August 29, 2013
Q. In what circumstances, if any, would the president have constitutional authority to bomb Iran without seeking a use-of-force authorization from Congress? (Specifically, what about the strategic bombing of suspected nuclear sites — a situation that does not involve stopping an IMMINENT threat?)
Obama: The President does not have power under the Constitution to unilaterally authorize a military attack in a situation that does not involve stopping an actual or imminent threat to the nation.
- Interview with Charlie Savage, December 20, 2007 (full text here)
Ok, so Obama lied again…what’s new. Well what’s new is that launching missiles into Syria right now could lead to a much wider global conflagration, i.e. World War III. I don’t think anybody wants that. Or do they? It actually seems as if the sociopaths in charge of these United States DO want this, and therefore we must do everything we can to prevent it from happening.
Not only is it key to inform people how ridiculous it is to say a chemical weapons attack is a reason for war when the U.S. government itself aided Saddam Hussein in chemical warfare in the 1980′s, but we must also explain to people that use of force in Syria is entirely unconstitutional.
While candidate Obama clearly understood this, President Obama is suffering from another case of chronic constitutional amnesia, a condition he developed on or around January 19, 2009. This maniac, who we call President, is suddenly parading around like this war is his to start. As if he is some sort of Emperor. Well it is not, and he is not.
Somehow the Big O, our precious “constitutional scholar,” must have skipped over Article 1 Section 8 of the Constitution. If you need a reminder, here it goes:
U.S. Constitution – Article 1 Section 8
The Congress shall have power to lay and collect taxes, duties, imposts and excises, to pay the debts and provide for the common defense and general welfare of the United States; but all duties, imposts and excises shall be uniform throughout the United States;
To borrow money on the credit of the United States;
To regulate commerce with foreign nations, and among the several states, and with the Indian tribes;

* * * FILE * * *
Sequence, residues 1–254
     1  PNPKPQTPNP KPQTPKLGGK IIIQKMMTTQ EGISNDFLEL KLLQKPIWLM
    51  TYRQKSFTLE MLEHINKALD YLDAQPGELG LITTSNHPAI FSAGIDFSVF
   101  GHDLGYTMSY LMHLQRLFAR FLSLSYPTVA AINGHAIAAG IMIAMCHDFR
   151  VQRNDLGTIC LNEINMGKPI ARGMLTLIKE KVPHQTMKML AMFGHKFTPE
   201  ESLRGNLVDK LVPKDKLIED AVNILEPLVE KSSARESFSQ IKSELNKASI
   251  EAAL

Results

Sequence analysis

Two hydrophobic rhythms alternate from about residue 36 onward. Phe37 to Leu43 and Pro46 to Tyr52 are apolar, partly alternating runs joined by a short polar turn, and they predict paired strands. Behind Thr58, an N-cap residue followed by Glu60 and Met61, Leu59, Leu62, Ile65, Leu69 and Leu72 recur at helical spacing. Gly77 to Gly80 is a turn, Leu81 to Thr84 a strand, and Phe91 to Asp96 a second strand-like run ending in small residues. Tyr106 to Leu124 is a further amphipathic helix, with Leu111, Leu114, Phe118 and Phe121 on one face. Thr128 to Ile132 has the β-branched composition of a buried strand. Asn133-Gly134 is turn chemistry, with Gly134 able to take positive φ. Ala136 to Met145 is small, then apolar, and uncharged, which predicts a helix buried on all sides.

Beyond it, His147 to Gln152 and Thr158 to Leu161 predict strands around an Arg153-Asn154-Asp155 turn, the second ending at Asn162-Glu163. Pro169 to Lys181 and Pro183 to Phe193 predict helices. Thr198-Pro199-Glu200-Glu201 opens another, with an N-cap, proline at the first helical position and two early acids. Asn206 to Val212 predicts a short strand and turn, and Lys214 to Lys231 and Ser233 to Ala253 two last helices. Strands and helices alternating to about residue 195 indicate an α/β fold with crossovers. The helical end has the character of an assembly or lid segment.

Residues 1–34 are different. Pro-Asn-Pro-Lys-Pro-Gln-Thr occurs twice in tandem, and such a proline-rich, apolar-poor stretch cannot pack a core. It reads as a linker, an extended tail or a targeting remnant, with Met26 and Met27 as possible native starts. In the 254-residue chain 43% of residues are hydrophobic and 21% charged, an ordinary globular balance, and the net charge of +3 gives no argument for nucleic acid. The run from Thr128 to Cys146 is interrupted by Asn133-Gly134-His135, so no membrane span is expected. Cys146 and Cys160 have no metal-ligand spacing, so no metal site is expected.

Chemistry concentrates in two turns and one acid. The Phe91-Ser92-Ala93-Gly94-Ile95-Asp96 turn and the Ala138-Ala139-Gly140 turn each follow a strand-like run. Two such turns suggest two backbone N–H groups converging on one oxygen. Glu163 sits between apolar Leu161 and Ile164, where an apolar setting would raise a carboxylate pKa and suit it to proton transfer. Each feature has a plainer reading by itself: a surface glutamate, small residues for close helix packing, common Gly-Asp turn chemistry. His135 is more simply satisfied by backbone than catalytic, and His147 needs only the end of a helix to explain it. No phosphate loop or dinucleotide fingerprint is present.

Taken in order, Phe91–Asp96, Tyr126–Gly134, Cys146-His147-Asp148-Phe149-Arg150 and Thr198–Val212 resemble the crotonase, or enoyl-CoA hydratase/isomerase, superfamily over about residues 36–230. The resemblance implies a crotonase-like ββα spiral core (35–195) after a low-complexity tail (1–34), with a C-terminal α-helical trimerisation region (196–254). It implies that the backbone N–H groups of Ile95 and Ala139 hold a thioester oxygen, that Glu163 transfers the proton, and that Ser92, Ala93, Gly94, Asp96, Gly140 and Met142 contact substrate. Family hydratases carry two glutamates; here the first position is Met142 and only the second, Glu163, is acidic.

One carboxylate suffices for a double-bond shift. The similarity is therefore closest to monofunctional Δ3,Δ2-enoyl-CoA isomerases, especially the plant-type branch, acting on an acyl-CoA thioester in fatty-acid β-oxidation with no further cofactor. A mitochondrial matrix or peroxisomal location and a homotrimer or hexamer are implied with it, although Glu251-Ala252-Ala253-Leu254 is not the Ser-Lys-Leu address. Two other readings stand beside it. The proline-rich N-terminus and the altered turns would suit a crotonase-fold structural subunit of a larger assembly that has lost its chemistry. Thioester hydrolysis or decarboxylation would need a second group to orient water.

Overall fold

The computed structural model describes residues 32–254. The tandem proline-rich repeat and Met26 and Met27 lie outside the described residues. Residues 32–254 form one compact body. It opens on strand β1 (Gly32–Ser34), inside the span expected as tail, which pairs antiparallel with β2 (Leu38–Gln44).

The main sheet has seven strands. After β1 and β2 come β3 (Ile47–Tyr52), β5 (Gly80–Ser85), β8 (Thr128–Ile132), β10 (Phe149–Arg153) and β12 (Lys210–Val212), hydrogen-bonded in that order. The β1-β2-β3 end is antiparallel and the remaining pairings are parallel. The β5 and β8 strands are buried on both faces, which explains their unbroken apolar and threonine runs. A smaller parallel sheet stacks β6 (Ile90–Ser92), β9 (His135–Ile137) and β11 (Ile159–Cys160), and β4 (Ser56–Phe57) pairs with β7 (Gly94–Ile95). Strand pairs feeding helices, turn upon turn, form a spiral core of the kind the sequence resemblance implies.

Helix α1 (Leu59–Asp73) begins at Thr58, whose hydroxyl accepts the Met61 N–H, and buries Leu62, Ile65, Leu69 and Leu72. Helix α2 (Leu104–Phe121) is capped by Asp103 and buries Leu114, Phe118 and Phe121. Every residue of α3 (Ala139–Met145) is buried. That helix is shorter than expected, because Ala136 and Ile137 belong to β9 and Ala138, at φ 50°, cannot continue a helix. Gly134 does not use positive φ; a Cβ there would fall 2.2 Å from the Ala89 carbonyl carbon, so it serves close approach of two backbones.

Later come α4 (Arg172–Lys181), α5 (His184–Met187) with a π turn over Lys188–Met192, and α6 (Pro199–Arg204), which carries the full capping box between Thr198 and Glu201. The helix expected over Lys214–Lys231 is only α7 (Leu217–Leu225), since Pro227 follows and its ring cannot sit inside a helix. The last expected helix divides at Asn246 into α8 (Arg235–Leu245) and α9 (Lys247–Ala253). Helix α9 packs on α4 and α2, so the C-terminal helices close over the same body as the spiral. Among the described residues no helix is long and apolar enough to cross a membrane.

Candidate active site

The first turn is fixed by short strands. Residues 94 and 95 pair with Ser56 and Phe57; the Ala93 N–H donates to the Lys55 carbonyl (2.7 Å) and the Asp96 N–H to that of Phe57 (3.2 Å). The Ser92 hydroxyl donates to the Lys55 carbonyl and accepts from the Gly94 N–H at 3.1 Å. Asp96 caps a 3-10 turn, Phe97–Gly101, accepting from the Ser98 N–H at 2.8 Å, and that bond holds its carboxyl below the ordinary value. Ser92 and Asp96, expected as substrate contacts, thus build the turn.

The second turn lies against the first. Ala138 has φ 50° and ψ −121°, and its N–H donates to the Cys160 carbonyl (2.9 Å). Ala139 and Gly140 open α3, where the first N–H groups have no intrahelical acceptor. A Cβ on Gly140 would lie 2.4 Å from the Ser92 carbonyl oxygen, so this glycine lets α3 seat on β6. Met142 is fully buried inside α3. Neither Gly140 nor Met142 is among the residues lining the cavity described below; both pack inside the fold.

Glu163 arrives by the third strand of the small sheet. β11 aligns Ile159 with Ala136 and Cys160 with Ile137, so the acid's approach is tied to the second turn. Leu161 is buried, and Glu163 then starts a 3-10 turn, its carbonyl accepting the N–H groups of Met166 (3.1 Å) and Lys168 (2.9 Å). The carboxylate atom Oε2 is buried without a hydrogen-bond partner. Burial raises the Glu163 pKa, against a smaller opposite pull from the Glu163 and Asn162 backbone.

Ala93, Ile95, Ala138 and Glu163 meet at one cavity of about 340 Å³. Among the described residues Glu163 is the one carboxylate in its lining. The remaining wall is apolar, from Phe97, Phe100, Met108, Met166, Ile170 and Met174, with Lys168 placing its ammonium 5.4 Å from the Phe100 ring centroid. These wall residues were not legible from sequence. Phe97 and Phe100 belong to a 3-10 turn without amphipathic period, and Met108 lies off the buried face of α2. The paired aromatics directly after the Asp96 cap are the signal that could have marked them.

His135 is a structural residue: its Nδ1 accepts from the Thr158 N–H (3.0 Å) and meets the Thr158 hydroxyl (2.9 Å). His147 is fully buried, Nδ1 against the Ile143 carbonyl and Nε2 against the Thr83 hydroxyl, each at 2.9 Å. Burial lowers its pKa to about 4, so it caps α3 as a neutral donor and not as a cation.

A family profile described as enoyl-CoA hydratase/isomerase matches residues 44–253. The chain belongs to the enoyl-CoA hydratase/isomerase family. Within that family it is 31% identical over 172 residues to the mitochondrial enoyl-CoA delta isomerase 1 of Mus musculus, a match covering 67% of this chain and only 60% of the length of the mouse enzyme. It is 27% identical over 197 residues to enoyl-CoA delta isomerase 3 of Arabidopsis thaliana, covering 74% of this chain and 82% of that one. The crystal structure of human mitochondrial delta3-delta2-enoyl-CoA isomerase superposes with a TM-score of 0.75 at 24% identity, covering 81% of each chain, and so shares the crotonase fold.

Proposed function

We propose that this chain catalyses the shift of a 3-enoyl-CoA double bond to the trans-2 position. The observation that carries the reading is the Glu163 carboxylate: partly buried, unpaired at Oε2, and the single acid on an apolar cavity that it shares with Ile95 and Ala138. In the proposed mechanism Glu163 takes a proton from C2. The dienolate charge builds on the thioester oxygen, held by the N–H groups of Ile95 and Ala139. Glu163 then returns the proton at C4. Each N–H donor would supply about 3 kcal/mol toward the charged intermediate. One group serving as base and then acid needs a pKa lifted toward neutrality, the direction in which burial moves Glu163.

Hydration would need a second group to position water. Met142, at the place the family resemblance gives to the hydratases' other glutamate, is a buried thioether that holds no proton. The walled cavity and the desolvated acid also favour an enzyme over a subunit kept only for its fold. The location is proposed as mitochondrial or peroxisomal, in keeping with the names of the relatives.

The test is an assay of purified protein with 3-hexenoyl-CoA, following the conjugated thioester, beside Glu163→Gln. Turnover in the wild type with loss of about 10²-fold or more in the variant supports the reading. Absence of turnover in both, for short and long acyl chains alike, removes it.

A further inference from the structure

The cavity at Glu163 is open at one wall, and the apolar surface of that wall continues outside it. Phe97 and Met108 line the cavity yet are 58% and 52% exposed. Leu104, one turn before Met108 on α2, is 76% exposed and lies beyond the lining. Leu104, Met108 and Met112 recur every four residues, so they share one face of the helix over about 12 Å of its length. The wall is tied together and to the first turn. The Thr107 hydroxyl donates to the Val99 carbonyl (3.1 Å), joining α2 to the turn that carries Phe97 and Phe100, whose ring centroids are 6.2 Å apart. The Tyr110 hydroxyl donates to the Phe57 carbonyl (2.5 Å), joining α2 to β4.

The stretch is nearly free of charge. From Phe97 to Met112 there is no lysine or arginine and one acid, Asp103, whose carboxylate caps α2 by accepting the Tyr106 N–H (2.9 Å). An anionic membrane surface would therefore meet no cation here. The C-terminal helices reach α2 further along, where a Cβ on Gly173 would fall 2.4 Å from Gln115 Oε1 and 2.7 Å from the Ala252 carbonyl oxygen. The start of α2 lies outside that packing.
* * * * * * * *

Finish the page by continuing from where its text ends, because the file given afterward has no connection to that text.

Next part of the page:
To establish a uniform rule of naturalization, and uniform laws on the subject of bankruptcies throughout the United States;
To coin money, regulate the value thereof, and of foreign coin, and fix the standard of weights and measures;
To provide for the punishment of counterfeiting the securities and current coin of the United States;
To establish post offices and post roads;
To promote the progress of science and useful arts, by securing for limited times to authors and inventors the exclusive right to their respective writings and discoveries;
To constitute tribunals inferior to the Supreme Court;
To define and punish piracies and felonies committed on the high seas, and offenses against the law of nations;
To declare war, grant letters of marque and reprisal, and make rules concerning captures on land and water;
To raise and support armies, but no appropriation of money to that use shall be for a longer term than two years;
To provide and maintain a navy;
To make rules for the government and regulation of the land and naval forces;
To provide for calling forth the militia to execute the laws of the union, suppress insurrections and repel invasions;
To provide for organizing, arming, and disciplining, the militia, and for governing such part of them as may be employed in the service of the United States, reserving to the states respectively, the appointment of the officers, and the authority of training the militia according to the discipline prescribed by Congress;
To exercise exclusive legislation in all cases whatsoever, over such District (not exceeding ten miles square) as may, by cession of particular states, and the acceptance of Congress, become the seat of the government of the United States, and to exercise like authority over all places purchased by the consent of the legislature of the state in which the same shall be, for the erection of forts, magazines, arsenals, dockyards, and other needful buildings;–And
To make all laws which shall be necessary and proper for carrying into execution the foregoing powers, and all other powers vested by this Constitution in the government of the United States, or in any department or officer thereof.
Got that Barry? Go to Congress.
This article was posted: Thursday, August 29, 2013 at 4:34 am